Good! I certainly hope they get driven away. There are lots of useful things those people could be doing to contribute to the world and their own financial well being if they weren't dumping their money into Amway. If those thousands of people wind up ditching Amway for something that works, then the time I spent writing this article all those years ago was well spent.

You might not care and yes you have a freedom of speech which you can express freely, but the thing is that what you speak is False and not 100% True. It may have not worked with you but it doesn't mean that you lie about it to others just because it wasn't right for you.

Now, friend, that's just getting personal. When you accuse me of lying, you are not only saying that I'm wrong, you're saying that I secretly know that Amway is a good business, but I'm trying to turn people away from it even though I know it's not true. That is clearly not the case. You may think I've made a big mistake, but I am being honest when I tell you that I think that the Amway business has very little to recommend it.

Now, if the numbers you wrote were correct then things have truly changed over the years because it doesn't cost $500 to go to a major conference with our team. I just believe do unto others as you would want them to do unto you, so if I offend you please forgive me for doing so but I had to speak truth to you and the truth hurts sometimes.

I'm checking for a source for those figures, and I have at least found this article. It suggests that a big shindig would cost around $100 for a ticket, up to $500 for travel, and money for hotel rooms. While this potentially brings the whole package up above $500, it doesn't cost that much just for the entrance fee. I will check the wording in that article and correct it if I've given a wrong impression. So, thanks for that.

I hope you read this if not at least I tried,

Thanks for reading,



[Email ends]

I've gotten a follow-up email, which I will reply to in a separate post. After that, I expect to keep the replies on blog comments.

Update: Follow-up message is here. Also, I'd like to mention that the wording in part 2 of my story was misleading and incorrect, so I've changed it to read the following:

"A small event costs you $10, a large event costs you maybe $50, and one of the nation-wide conferences can cost $100 a ticket; factor in travel and lodging, and you could be looking at around $500 or more. Obviously travel is a necessity since not all the meetings will be local, and there's also the kind of errands for each prospect that Ted was running for me: driving a half hour to my house, giving free goodies, and so on."

Thursday, April 22, 2010

Play more video games with your kids

Here's a great interview with Dr. Cheryl Olson on the effects of video games on young kids.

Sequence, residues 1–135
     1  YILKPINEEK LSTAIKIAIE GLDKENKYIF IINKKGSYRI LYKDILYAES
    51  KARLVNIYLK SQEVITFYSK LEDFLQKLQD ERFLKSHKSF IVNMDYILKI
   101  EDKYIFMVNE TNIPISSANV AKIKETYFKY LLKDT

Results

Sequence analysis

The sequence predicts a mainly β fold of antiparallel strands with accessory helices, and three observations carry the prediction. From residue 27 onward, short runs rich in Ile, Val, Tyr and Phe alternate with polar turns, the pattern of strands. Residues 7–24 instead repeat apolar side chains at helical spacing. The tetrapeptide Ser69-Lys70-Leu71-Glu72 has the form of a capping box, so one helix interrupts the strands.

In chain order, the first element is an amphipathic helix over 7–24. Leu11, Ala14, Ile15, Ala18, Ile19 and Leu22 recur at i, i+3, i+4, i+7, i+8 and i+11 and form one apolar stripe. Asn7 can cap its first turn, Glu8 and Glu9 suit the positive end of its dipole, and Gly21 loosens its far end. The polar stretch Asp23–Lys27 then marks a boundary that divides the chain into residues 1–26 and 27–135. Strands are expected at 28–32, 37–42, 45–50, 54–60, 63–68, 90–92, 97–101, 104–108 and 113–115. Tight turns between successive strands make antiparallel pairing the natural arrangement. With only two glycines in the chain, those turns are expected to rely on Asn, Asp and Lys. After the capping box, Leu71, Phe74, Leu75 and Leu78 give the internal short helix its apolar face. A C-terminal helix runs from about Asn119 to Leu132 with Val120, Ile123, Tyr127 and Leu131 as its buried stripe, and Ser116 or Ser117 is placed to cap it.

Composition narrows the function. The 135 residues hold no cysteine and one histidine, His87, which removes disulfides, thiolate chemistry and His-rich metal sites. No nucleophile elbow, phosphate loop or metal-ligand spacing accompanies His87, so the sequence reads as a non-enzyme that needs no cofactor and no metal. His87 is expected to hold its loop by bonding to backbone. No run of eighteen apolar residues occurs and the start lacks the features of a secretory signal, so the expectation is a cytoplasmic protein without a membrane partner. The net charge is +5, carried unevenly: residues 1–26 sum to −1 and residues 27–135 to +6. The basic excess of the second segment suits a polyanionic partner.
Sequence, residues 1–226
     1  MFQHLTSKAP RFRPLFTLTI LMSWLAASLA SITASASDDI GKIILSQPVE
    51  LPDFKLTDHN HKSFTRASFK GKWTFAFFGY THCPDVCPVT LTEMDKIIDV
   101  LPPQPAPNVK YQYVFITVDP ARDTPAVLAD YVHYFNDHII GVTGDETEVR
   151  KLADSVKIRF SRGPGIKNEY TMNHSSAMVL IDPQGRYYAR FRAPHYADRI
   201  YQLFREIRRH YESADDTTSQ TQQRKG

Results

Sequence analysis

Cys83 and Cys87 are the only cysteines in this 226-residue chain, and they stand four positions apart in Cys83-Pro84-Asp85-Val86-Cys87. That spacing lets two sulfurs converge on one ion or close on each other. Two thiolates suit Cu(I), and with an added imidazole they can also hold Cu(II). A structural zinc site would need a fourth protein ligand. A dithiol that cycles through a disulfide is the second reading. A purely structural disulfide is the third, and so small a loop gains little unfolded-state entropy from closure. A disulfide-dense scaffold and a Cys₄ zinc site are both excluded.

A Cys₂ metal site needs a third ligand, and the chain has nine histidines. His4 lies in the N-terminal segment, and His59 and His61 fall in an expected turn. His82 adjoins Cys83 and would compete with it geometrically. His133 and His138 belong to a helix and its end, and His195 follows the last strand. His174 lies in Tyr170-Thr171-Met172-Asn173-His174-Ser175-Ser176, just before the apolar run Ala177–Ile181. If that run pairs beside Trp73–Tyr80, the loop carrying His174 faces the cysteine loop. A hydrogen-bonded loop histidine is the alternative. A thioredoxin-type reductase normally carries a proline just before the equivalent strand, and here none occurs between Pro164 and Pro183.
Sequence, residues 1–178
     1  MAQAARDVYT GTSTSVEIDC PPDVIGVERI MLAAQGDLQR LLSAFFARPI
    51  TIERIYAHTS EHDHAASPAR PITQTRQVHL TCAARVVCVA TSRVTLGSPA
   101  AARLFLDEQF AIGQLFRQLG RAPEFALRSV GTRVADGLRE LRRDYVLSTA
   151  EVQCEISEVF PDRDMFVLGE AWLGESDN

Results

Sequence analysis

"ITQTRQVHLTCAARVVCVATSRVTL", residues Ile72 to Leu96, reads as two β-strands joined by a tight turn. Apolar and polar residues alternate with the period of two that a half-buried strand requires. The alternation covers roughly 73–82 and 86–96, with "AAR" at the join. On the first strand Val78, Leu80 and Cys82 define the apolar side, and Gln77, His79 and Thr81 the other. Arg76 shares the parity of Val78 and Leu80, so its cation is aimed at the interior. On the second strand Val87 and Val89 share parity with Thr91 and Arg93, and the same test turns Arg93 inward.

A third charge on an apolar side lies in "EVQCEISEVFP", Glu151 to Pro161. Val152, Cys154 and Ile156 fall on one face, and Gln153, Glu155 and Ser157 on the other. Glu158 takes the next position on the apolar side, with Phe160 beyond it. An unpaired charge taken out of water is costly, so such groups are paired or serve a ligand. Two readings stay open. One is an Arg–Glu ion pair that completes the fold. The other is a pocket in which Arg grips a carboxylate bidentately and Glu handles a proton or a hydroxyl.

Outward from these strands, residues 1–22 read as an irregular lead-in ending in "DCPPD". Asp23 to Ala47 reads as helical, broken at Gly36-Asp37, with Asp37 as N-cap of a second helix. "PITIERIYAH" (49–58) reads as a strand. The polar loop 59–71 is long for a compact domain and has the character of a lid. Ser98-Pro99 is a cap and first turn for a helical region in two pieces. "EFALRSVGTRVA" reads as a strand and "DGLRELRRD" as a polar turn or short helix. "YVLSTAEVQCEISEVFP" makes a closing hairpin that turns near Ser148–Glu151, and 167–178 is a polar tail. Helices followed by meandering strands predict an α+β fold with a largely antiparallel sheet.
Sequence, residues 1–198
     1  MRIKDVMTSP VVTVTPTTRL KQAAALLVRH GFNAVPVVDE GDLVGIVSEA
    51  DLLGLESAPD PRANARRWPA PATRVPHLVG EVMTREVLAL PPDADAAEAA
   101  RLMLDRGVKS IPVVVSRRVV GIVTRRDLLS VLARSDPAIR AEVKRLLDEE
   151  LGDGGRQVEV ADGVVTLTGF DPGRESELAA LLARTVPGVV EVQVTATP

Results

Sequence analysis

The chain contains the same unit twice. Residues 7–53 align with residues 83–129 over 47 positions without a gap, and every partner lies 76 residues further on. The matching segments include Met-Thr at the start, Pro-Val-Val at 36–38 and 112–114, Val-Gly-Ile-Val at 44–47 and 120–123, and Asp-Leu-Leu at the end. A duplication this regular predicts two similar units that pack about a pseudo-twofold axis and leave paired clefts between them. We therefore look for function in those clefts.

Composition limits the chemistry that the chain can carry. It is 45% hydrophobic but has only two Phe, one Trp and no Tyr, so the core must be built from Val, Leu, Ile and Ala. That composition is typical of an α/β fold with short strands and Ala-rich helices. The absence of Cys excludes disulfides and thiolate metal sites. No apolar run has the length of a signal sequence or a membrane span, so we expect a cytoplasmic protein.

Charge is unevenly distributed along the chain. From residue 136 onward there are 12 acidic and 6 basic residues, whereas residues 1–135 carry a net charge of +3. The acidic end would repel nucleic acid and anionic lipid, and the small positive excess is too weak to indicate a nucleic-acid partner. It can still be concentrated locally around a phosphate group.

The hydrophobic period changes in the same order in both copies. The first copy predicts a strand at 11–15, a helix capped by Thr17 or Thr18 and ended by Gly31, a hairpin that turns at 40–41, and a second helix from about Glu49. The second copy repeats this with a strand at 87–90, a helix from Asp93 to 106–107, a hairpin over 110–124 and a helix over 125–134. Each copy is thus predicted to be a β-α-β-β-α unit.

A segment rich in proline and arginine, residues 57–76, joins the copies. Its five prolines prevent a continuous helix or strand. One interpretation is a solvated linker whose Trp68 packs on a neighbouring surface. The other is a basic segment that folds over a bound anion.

Drs. Cheryl Olson and Lawrence Kutner are cofounders of the Harvard Medical School Center for Mental Health and Media. They've written a book called Grand Theft Childhood: The Surprising Truth About Violent Video Games and What Parents Can Do, based on a study of gaming in individual families. Despite what the title of the book sounds like, it's not the usual stuff about how game addiction is making kids into little sociopaths and we should protect them from it.

My takeaway from the interview is this section:

First, play games with your kids. Find things that you both can enjoy. Young teens who took our survey (and boys in focus group studies) said that they rarely played with a parent, and most would like to. I think more families are playing together now that systems such as the Wii make games more accessible to casual players. If your child is a bit older, ask him to teach you how to play a level of his favorite game. It’s a healthy thing for parent/child relationships for the child to teach the parent something for a change. It’s also a chance for parents to learn more about their child’s interests and strengths.

When you buy games, look for ones that encourage kids to plan and problem-solve (that could be Zoo Tycoon or a Legend of Zelda game). Choose some that allow for collaborative play, with you and/or with friends.

Notice how games affect your child emotionally. A lot of young teens we studied used violent games to cope with angry feelings. That’s probably healthy in moderation, but might be a problem in excess. Some teens use zombie-type games to master fears, playing over and over until they beat the game completely. If a game seems to upset your child, put it away until he’s older. Keep your games with grown-up themes or scary content someplace inaccessible, and only play them when the kids are in bed.